Vision-based Algorithms for UAV Mimicking Control System

  • Author / Creator
    Martinez, Pablo
  • Vision-based algorithms designed to detect and track UAVs from an onboard moving platform have been the focus of active and extensive research over the last decade, and dozens of algorithms have been tested, compared and optimized. However, the existing approaches tend to rely on specific features such as color or edges which may not be able to detect and track various types of flying quadcopters. This thesis implements a modified version of an existing vision-based algorithm, the Cascade Classifier, originally designed to recognize facial features and humans, and demonstrates its capability of detecting and track any type of quadcopter with great accuracy over a variety of backgrounds, in both indoors and outdoors flight conditions. The Cascade Classifier algorithm is demonstrated on two specific quadcopter models used for this study, the 3DR Solo and the Parrot AR.Drone 2.0. This thesis introduces a novel method to reduce the amount of information which needs to be processed by vision-based algorithms when tracking physical objects undergoing non-random motion in 3D space. This method employs a Kalman filter to predict the estimated position, velocity and acceleration of the tracked object in order to reduce the image area in which the tracked quadcopter is believed to be. This enables the Cascade Classifier algorithm, or any other type of vision-based detection algorithm to track the target vehicle while greatly reducing the required image processing time. Experimental testing proves that the proposed algorithm obtains good detection and tracking performance in real-time for both quadcopter types in indoor and outdoor flight scenarios, as well as the successful performance of the mimicking control system design.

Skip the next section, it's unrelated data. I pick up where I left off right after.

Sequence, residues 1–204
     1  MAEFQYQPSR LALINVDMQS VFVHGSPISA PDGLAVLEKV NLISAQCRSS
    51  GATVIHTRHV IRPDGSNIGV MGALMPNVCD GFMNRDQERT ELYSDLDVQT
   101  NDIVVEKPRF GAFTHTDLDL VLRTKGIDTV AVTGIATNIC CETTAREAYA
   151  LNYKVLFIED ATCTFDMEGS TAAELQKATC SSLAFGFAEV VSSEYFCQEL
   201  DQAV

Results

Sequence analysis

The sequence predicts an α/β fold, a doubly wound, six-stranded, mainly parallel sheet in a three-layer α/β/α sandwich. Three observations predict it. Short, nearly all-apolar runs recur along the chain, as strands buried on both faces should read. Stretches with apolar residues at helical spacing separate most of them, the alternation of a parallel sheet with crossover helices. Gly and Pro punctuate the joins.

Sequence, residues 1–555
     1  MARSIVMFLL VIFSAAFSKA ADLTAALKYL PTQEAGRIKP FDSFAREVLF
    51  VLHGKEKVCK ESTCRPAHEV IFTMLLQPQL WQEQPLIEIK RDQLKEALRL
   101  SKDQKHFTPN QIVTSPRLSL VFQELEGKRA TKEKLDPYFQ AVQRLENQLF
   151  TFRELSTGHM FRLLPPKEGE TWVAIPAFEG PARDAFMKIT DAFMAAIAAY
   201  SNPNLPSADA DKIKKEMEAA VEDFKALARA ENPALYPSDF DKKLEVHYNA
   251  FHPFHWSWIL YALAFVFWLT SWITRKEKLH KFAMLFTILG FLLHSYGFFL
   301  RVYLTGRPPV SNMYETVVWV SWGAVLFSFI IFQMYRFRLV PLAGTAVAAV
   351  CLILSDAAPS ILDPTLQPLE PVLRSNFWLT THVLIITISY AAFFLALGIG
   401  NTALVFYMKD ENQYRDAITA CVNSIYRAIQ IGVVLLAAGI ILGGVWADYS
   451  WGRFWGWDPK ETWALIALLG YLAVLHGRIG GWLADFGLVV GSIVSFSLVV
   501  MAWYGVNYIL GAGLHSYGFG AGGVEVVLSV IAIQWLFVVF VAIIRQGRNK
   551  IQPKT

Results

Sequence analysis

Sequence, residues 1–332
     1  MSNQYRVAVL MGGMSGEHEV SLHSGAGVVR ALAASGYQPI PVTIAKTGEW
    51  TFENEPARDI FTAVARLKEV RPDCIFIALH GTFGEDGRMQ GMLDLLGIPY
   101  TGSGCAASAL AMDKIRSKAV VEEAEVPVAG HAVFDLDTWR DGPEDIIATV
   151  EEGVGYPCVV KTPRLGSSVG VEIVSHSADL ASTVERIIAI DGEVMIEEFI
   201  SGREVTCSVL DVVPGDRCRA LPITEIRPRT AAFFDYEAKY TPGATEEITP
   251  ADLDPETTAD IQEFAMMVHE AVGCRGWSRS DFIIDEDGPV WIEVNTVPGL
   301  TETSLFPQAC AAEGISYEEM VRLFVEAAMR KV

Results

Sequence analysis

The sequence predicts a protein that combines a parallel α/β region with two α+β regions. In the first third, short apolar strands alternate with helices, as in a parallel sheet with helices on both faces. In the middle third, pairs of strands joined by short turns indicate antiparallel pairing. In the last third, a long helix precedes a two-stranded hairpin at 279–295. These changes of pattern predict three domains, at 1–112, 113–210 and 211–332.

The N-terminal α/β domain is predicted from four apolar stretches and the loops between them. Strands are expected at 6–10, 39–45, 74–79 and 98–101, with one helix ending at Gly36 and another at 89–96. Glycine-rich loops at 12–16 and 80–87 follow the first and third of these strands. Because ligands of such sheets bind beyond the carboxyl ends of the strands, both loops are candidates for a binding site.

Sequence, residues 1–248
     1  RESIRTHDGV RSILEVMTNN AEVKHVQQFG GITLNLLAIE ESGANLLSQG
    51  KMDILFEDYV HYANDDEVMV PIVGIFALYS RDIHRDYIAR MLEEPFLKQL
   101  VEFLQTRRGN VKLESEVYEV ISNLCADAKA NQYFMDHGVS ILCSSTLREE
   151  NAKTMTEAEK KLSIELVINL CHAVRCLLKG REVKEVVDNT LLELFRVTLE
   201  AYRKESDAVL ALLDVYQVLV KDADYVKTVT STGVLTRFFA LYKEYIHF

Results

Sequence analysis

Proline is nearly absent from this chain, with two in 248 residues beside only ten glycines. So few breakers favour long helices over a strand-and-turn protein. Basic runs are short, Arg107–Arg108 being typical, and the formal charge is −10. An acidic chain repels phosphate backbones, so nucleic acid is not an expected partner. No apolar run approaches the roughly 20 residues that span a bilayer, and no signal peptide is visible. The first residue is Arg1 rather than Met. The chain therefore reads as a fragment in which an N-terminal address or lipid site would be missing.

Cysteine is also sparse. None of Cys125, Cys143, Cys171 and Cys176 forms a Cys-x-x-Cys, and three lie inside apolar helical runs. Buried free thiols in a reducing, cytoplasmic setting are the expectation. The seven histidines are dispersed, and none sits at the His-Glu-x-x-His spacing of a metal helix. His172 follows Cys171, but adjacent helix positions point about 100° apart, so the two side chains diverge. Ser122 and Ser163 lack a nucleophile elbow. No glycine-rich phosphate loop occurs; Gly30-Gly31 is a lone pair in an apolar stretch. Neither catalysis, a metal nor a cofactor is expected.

• Subjects / Keywords
  • Graduation date
    Fall 2017
  • Type of Item
  • Degree
    Master of Science
  • DOI
  • License
    This thesis is made available by the University of Alberta Libraries with permission of the copyright owner solely for non-commercial purposes. This thesis, or any portion thereof, may not otherwise be copied or reproduced without the written consent of the copyright owner, except to the extent permitted by Canadian copyright law.